CFD (contract for difference) trading is a popular option for traders all over the world. But what does it mean, how does it work, and what benefits does it offer?

Contract for difference (CFD) explained

Traders can leverage CFDs to speculate on the movement of prices without needing to take ownership of an underlying asset (such as a currency pair or commodities) itself.

The aim is to predict an increase or decrease in the asset’s value correctly: you either sell (“go short”) or buy (“go long”) depending on the change you expect to see over a set period of time.

In CFD trading, investors calculate their profits and losses by assessing the difference in an asset’s price between the start and end of the contract, multiplied by the amount of CFD units involved.

The broker you enter into the agreement with will compensate you if the value of that difference works in your favour. But if your forecast is inaccurate and leads to a loss, you will pay the broker the difference instead.

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What role does leverage play in CFD trading?

“Leverage” is a vital term in CFD trading: leveraging allows you to invest without needing to pay the full cost of the asset itself. Just a small amount of the overall trade value is required as a deposit (much smaller than in traditional trading) — allowing for potentially higher returns on your investment.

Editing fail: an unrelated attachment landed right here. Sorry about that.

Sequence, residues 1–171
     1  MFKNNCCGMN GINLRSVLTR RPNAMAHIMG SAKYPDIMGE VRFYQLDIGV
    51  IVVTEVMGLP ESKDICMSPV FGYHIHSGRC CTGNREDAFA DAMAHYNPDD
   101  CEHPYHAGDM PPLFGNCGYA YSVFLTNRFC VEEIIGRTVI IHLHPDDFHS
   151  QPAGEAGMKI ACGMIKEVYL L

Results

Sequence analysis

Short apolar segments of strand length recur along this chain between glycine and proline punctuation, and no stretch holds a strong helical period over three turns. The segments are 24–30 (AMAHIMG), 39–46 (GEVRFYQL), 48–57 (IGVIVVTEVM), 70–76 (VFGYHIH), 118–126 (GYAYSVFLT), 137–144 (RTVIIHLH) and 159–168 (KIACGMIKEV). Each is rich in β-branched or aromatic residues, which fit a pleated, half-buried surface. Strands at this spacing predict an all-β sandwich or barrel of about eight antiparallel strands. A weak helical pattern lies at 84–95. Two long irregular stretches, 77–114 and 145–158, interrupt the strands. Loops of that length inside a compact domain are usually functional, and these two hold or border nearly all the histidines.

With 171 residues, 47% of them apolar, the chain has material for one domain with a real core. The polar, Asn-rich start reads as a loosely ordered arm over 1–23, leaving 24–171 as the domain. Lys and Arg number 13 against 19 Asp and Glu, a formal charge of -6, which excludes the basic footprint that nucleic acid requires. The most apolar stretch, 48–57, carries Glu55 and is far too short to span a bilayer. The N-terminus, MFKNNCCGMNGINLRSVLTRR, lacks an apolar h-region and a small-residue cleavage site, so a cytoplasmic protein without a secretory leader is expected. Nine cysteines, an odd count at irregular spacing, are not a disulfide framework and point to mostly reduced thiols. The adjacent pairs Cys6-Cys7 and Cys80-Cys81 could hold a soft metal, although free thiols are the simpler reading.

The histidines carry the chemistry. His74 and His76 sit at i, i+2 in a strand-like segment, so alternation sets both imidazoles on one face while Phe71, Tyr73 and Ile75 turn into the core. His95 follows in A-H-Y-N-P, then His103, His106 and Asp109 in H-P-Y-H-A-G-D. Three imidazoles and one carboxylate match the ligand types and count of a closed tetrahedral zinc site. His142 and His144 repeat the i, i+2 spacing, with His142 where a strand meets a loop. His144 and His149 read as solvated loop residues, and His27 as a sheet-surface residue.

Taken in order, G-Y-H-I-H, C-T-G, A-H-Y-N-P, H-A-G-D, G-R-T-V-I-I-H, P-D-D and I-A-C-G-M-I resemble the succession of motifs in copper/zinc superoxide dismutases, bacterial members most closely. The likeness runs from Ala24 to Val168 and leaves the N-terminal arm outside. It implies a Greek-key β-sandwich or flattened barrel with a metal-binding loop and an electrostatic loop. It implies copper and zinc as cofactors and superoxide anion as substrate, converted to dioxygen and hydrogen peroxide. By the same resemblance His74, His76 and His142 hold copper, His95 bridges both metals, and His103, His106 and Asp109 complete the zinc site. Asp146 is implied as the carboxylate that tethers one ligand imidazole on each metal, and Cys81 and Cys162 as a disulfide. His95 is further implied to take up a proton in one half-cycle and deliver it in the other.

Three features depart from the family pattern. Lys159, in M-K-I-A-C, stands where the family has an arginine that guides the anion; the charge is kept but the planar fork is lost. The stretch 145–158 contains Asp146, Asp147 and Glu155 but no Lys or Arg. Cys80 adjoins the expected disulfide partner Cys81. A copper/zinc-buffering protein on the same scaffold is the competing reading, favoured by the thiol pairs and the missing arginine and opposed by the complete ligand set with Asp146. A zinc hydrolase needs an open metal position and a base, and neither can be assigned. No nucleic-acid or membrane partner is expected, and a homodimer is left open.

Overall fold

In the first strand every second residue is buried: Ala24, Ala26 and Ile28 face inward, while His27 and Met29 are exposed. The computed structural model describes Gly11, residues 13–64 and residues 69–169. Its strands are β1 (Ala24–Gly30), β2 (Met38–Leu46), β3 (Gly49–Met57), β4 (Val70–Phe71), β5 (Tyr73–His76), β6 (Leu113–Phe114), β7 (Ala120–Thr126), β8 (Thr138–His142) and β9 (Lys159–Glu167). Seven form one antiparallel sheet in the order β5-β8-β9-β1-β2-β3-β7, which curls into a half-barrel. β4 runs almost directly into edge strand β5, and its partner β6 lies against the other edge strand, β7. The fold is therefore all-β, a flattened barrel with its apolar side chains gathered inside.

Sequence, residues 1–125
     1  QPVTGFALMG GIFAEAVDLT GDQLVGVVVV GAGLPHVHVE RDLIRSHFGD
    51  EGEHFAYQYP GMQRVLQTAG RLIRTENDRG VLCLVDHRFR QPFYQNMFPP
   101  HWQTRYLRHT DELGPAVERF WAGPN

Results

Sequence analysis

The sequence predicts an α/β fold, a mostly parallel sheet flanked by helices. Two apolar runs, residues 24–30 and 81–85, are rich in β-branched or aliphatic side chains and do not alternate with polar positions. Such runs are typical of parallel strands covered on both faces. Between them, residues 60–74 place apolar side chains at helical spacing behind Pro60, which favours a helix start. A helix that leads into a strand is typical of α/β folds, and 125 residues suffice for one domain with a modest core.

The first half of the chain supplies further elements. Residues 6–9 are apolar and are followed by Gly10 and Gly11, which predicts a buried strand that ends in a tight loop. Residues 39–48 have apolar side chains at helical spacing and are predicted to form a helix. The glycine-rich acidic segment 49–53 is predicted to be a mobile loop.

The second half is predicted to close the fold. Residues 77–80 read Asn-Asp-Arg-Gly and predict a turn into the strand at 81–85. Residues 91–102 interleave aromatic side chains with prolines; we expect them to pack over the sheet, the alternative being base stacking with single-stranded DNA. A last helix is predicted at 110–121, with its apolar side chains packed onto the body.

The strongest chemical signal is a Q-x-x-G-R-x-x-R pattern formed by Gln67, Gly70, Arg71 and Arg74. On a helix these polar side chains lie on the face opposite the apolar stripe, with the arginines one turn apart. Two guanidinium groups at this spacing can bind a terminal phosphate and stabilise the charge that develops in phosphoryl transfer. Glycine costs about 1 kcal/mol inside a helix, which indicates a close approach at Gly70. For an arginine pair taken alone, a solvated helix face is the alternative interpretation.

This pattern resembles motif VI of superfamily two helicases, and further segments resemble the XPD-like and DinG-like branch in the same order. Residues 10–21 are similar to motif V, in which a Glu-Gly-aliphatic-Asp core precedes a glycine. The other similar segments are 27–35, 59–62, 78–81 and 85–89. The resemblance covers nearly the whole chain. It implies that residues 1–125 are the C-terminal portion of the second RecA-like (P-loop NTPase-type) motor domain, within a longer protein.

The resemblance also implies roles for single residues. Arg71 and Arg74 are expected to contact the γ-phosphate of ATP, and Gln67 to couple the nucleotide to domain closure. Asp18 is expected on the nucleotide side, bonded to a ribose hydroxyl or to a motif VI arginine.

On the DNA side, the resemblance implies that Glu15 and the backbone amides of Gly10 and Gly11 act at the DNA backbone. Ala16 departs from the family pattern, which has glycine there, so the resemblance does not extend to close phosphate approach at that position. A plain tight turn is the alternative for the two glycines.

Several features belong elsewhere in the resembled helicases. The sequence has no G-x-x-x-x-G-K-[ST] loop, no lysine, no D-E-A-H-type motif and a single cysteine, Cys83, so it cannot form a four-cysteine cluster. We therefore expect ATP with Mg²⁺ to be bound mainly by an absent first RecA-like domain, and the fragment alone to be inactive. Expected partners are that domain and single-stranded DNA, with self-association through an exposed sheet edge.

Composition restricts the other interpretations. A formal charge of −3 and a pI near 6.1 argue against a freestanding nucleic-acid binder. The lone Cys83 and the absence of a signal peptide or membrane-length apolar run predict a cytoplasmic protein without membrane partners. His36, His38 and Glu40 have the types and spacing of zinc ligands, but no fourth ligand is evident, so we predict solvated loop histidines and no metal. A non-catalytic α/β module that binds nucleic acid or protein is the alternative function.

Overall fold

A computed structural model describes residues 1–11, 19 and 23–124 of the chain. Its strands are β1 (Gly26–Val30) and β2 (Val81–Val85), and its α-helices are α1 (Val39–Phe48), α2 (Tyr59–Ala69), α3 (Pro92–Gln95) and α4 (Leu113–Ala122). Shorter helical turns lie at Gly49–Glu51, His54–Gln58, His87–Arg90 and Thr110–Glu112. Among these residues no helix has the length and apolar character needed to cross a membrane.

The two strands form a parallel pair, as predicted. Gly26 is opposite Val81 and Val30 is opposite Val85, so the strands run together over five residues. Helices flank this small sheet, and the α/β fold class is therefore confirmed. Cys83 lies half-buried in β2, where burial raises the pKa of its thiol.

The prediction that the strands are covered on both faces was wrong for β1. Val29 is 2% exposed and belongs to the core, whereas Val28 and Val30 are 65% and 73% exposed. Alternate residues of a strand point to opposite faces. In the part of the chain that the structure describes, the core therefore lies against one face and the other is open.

Obviously, there’s also a risk of paying more if you end up with a loss, which is why working with a trustworthy CFD broker is so important. Find a broker with a solid reputation, and you’re more likely to enjoy a positive outcome on your CFD trades.

Traders should always take care to make sound investments that fit their budget comfortably — a good broker minimizes risks and maximizes performance.

Understanding CFD costs

Keep the following costs in mind when you try CFD trading for yourself for the first time:

  • Holding costs: this applies to the charge made on any positions in your account which remain open by the close of the trading day. Holding costs may be good or bad — it depends on the movement direction and the holding rate involved. Day traders avoid allowing their positions to stay open throughout the night.

 

  • Spread: the spread in CFD trading refers to the difference between a buying and selling price — the narrower the spread, the less movement a price has to make in your favour before you can generate profit.

A good, reliable CFD broker will be happy to explain these (and any other costs) to you carefully.

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Can CFDs expire?

On the majority of markets, CFD positions have no expiry date: they can stay open for as long as you feel necessary. Ideal periods will vary based on your trading goals and situation.

There’s a lot to consider when trying CFD trading for the first time. But taking the time to find a seasoned broker can help you get off to a stronger start and achieve positive results down the line.